Pacifist/Just-war Dialog Starters

An attempt…to justify [a] war for the individual Christian citizen, after it has been judged incompatible with the ministry of the church, is a refusal to be honest with the absolute priority of church over state in the plan of God.
– John Howard Yoder, The Christian Witness to the State

For members of the discipleship community, there are two choices in regard to the morality of war.  The first is the just-war theory, and the second is total pacifism.  There is no other way.

Pacifists and just-war theorists hold much more in common than they hold in opposition.  For instance, pacifists and just-war theorists both hold that a Christian’s loyalty to the way of Christ comes before any loyalty to the nation-state, and thus deny the ultimate lordship of Caesar.  Both hold that war as such is an evil that must be reigned in as much as possible.  And both are willing to face the wrath of the nation-state rather than violating their ‘unrealistic’ moral commitments.

So it is a tragedy that the majority of efforts of both parties go into protesting the other rather than into their mutual goals of reigning in violence and witnessing to the lordship of Christ.

To begin dialogue, I would propose the following conversation starters.

  • Given that the majority of church-goers know nothing of either pacifism or just-war doctrine, and simply support whatever wars their national leaders tell them to, how can we educate the church on these matters?
  • Seeing that so many in the world pay lip service to the just-war tradition while denying it both in bellum and in bello, on the basis that warfare itself has changed since the formulation of the theory, what specific applications can we make for the theory in modern- and future-war scenarios?
  • What can be done in an increasingly post-Christendom age to strengthen the restraints on national fighting deemed out of line with just-war criteria?  This is as important to the pacifist as to the just-war theorist.
  • A war that does not meet just-war criteria is not an “unjust war.”  From a Christian perspective, there is no such thing as an unjust war.  A war that does not meet the criteria is something other than war – it is terrorist action, or genocide, or something else.  How can the church witness to the just-war doctrine specifically in its use of language?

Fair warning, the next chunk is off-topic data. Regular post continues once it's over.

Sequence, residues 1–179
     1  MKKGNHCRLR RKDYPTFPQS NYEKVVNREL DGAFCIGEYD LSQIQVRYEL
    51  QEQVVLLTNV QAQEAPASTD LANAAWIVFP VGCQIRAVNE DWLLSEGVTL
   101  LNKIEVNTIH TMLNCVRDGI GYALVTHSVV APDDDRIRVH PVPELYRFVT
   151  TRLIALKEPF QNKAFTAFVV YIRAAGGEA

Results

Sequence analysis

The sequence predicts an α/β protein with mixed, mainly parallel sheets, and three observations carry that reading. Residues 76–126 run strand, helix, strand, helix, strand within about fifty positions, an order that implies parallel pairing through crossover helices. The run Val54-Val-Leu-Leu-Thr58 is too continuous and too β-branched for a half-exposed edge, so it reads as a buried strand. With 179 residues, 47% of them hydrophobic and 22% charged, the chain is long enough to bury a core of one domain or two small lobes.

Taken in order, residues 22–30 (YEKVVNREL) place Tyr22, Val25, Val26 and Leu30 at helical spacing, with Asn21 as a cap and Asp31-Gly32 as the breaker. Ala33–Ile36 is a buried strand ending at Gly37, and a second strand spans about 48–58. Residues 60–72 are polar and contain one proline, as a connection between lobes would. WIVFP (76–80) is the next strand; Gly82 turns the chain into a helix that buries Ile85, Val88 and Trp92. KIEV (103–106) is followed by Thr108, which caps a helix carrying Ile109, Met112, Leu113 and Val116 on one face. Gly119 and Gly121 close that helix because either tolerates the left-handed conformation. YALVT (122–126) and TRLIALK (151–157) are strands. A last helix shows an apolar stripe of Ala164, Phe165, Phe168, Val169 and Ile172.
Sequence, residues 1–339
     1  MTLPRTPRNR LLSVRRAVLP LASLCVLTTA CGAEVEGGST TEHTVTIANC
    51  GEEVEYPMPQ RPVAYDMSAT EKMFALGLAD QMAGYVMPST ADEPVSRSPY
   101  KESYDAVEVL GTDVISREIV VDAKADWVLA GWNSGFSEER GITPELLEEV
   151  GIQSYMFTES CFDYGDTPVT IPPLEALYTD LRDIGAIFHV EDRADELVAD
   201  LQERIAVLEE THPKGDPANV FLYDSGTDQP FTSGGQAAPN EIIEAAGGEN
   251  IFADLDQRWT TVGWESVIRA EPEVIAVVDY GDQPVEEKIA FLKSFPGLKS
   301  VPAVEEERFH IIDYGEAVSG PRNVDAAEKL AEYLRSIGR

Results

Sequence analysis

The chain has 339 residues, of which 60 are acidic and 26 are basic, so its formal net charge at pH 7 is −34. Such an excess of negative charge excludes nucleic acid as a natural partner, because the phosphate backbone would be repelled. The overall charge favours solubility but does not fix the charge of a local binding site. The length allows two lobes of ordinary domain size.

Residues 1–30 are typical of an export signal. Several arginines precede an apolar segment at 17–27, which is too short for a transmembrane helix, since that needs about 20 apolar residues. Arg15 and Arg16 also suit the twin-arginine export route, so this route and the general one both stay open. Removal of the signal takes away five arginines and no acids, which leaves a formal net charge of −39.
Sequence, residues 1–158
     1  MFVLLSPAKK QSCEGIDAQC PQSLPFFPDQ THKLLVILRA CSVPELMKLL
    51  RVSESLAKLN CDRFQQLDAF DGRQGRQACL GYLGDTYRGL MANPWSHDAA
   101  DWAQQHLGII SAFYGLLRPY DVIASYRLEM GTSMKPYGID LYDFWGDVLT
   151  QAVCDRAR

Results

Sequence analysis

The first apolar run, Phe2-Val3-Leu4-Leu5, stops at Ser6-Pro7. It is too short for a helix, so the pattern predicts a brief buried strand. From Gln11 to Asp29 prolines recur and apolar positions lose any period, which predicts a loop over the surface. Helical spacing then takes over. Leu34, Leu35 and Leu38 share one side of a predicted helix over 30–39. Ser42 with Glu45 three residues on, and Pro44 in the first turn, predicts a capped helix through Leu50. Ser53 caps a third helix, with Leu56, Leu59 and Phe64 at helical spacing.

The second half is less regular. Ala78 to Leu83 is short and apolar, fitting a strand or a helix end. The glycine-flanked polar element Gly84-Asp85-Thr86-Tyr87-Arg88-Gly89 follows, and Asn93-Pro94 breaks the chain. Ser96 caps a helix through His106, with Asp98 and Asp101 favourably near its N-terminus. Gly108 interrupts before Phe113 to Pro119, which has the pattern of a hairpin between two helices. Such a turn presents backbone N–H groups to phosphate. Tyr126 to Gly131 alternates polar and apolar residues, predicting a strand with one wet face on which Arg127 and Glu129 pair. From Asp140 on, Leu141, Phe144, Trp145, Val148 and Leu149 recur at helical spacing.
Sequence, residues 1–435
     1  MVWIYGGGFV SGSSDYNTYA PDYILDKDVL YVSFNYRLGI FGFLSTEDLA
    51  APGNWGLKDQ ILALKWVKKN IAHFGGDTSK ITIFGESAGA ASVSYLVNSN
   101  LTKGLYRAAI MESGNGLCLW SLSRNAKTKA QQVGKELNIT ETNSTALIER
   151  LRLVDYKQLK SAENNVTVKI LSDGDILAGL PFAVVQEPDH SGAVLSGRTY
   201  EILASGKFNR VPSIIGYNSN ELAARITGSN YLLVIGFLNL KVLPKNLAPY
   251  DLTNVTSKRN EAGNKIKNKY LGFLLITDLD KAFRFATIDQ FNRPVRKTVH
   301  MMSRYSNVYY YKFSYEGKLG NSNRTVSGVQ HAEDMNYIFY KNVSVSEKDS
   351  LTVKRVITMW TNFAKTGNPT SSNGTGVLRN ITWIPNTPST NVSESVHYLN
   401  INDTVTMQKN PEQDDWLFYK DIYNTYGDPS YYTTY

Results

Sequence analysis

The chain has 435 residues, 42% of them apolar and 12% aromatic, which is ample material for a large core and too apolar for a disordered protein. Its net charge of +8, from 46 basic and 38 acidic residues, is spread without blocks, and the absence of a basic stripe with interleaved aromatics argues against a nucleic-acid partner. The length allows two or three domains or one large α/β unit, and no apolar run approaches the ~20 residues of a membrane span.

• Just-war doctrine developed primarily out of the writings of Plato and Aristotle, which Augustine and later Aquinas developed.  How can the church develop and practice a more Christocentric just-war doctrine?
  • Would we be willing to call for surrender before supporting a war effort that could not be won without resorting to unjust methods of warfare?
  • In the aftermath of WWII, the Nuremberg trials made it clear that an individual is morally and criminally responsible to disobey an unjust order, yet selective service laws in the United States continued to specifically disallow draftees from being conscientiously opposed to specific wars.  While across-the-board pacifists could qualify for CO status and be placed in other national service positions, just-war objectors had the choice to serve or be jailed.  While the U.S. doesn’t seem likely to reinstitute a draft, how can both pacifist and just-war churches support one another in their commitment not to shed blood unjustly?
  • Many just-war churches have members serving in branches of the armed services.  What kind of support can be given to these members in times when the church deems a particular war their members are fighting in, or the means used to fight it, unjust?
  • Many pacifist churches (particularly the Quakers) are tapped to address international conflict before it turns to formal declaration of war, but considered irrelevant once the fighting begins.  How can pacifist and just-war churches form partnerships that are effective at all levels of international conflict?

Before much of this dialogue can take place, there needs to be an overarching discussion with frankness and repentance on both sides.  Too often pacifist churches have simply washed their hands of service to the world and withdrawn into sectarianism.  Too often just-war churches have given lip service to the just-war doctrine while practically supporting whatever war their nation calls on them to support.  Too often pacifists have refused to work with their just-war brothers and sisters, and have judged them as lovers of violence.  Too often just-war churches have disregarded their pacifist brothers’ and sisters’ call to a life of total discipleship.

Much of the dialogue will be over the nature and apparent shortcomings of just-war doctrine, as well as the nature and apparent shortcomings of pacifist withdrawal.  Ultimately, parachurch ministries not unlike the Fellowship of Reconciliation need to be created, bridging the pacifist and just-war divide, working for common goals, such as the witness to the supremacy of Christ and the abolition of war.

As a pacifist or just-warrior, do you resonate with these thoughts, or find fault with them?  How can such dialogue be fostered in the first place?  Help me out here.


  1. Introduction to Just War Theory from
  2. The Challenge of Peace: God’s Promise and Our Response, A Pastoral Letter on War and Peace by the National Conference of Catholic Bishops
  3. Beyond Just War and Pacifist: Nonviolent Struggle Toward Justice, Freedom and Peace in The Ecumenical Review, by Gene Sharp
  4. Speak Truth to Power: A Quaker Search for an Alternative to Violence by the American Friends Service Committee

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